Erin Durkin writes:
Only 100 people have been put to work at the Prospect Heights site so far, a Forest City Ratner executive conceded last week - compared to 1,476 predicted in state documents by late 2010.Unexplained in the Daily News article is one significant reason: the construction schedule apparently assumes the near-simultaneous construction of three residential towers.
"Right now, job numbers obviously are less than what they will be as construction gets full throttle at the arena," said Forest City Ratner Vice President MaryAnne Gilmartin.
The Empire State Development Corporation's job projections were made in 2009, and lawsuits and money trouble delayed groundbreaking on the new Nets arena a few months longer than officials expected at the time.
But even accounting for delays, the current number of jobs is much lower than expected. There were supposed to be 563 construction workers on site in the first quarter of 2010, 742 in the second, and 1,055 in the third.
The official projections
The Technical Memorandum issued in June 2009 by the Empire State Development Corporation (ESDC) offers quarter-by-quarter construction jobs estimates over an elapsed time of 13 years, as I recently wrote.
(Click on graphic to enlarge for clarity, and focus on Cur., for Current, as opposed to FEIS, which represents the numbers in the Final Environmental Impact Statement.)
Only 450 jobs by the spring
And here's the astonishing closer in today's article:
Ratner spokesman Joe DePlasco said the number of construction jobs will grow to 450 by late next spring.However, by late spring 2010, one year before DePlasco's projections, there were supposed to be 742 jobs, and 1055 by the third quarter.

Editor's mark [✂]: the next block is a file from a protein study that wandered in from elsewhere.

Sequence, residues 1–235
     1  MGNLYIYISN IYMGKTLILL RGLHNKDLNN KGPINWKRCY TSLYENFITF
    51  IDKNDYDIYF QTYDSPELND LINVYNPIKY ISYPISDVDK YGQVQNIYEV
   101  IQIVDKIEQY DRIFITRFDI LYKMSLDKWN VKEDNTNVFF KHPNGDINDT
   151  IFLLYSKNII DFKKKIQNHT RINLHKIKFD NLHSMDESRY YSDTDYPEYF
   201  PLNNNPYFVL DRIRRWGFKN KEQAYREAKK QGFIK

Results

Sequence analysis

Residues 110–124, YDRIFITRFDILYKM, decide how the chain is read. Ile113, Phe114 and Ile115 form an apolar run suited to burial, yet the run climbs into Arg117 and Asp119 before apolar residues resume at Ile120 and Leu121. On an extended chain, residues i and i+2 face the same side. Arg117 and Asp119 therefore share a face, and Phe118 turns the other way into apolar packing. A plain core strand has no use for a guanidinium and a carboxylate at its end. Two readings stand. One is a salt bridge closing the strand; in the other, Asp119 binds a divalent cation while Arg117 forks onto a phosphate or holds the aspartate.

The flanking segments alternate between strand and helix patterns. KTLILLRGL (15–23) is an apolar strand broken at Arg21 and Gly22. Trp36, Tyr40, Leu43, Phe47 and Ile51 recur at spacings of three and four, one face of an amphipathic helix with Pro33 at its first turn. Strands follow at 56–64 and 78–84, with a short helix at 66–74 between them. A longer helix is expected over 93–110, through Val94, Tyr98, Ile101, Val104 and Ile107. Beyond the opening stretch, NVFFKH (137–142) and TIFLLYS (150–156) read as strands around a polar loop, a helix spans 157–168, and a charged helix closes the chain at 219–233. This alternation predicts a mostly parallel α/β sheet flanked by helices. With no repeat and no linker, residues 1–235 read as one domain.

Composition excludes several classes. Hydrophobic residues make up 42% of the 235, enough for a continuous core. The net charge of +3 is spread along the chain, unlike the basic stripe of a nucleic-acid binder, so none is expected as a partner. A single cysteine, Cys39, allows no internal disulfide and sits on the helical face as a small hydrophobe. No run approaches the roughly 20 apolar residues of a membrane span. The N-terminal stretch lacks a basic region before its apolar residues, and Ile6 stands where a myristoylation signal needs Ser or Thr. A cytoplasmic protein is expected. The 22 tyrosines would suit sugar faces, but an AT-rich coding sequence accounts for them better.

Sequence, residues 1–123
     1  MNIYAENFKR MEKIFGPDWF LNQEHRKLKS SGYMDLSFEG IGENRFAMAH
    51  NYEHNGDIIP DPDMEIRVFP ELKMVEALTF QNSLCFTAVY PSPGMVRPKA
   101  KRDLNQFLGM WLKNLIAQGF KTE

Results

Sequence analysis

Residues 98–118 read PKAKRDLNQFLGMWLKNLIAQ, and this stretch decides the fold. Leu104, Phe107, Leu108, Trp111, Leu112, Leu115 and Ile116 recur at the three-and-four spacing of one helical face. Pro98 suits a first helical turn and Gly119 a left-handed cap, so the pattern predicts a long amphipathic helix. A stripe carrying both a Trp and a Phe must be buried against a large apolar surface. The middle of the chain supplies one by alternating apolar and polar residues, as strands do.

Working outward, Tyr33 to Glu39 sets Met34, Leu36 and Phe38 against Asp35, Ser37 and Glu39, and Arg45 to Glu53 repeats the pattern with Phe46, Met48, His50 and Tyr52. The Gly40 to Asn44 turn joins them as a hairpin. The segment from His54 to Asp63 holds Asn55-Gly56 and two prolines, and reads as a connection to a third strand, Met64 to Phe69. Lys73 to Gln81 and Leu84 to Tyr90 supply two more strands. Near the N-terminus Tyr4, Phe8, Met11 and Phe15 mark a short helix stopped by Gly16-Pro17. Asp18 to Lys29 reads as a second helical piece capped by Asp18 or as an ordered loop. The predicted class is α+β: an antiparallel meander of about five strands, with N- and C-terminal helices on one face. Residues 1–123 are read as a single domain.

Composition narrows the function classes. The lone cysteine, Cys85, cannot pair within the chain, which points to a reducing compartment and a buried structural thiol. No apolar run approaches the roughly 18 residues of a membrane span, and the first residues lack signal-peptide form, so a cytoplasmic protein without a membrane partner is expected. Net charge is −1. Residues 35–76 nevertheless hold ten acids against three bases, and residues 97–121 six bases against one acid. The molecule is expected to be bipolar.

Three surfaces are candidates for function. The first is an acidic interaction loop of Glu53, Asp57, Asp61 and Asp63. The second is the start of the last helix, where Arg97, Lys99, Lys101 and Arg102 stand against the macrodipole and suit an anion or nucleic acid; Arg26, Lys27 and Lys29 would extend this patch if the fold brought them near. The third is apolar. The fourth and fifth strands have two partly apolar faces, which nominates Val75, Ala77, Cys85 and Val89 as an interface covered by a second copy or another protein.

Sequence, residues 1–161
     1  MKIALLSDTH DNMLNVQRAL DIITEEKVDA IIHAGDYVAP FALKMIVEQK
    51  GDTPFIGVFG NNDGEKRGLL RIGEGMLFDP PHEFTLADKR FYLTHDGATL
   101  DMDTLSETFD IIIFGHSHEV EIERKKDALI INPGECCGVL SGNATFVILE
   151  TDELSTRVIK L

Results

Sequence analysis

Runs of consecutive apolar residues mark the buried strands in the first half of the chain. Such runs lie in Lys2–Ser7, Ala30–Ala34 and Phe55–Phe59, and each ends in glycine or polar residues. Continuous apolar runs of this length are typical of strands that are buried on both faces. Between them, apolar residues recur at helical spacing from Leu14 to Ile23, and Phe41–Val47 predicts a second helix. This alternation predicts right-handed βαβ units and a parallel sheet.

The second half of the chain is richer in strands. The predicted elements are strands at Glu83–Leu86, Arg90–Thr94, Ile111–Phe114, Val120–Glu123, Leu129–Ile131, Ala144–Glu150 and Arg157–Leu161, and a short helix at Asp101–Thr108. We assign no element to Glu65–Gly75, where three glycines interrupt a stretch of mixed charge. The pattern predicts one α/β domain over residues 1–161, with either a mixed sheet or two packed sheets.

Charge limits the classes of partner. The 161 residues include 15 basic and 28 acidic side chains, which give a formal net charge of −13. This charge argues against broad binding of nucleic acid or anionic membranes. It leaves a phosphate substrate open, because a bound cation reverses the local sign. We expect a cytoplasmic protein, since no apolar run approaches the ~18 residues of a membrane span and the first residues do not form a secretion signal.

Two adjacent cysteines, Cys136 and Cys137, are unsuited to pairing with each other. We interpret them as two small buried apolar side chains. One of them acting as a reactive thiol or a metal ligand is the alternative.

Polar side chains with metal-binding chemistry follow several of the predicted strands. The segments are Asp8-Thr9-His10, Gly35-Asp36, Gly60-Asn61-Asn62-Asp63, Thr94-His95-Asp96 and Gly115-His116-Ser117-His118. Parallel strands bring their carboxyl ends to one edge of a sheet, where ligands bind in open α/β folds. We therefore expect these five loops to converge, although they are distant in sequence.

So it's way behind projections.
Same number of job-years?
The ESDC stands its ground regarding promised jobs, the Daily News reports:
The promise of 17,000 year-long construction jobs was a key selling point for the controversial arena and 16-tower project. Ratner and ESDC both insisted that goal can still be met.Not necessarily. That's only if the project is built at the full 8 million square feet.
"The number of job-years hasn't been altered; they will merely be created at a different pace in light of the changes in the construction schedule," said ESDC spokeswoman Elizabeth Mitchell.
There are no requirements for Forest City Ratner to build a project of that size. It can build a project about one-third smaller without penalty.
As I wrote 9/17/09, board materials (press release, memo) require the developer to build a 675,000 square foot arena and "improvements containing at least Four Million Four Hundred Seventy Thousand (4,470,000) gross square feet (exclusive of the square footage of the Arena)."
That's a total of 5,145,000 square feet, or a little less than 65% of 7,961,000 square feet.
Blind faith from Caldwell
The Daily News quotes the head of a Community Benefits Agreement signatory:
James Caldwell, president of the nonprofit Brooklyn United for Innovative Local Development, said he's disappointed so few jobs have been created so far, though he still supports the project.Ok, but is that all the fault of pesky project opponents? Or could it be that the company and state haven't been completely trustworthy in their statements?
"I'm not satisfied because the community's not satisfied. They're coming in asking us for jobs daily," he said.
Had it been noted that Caldwell's group is financially supported by FCR, that might have become more clear.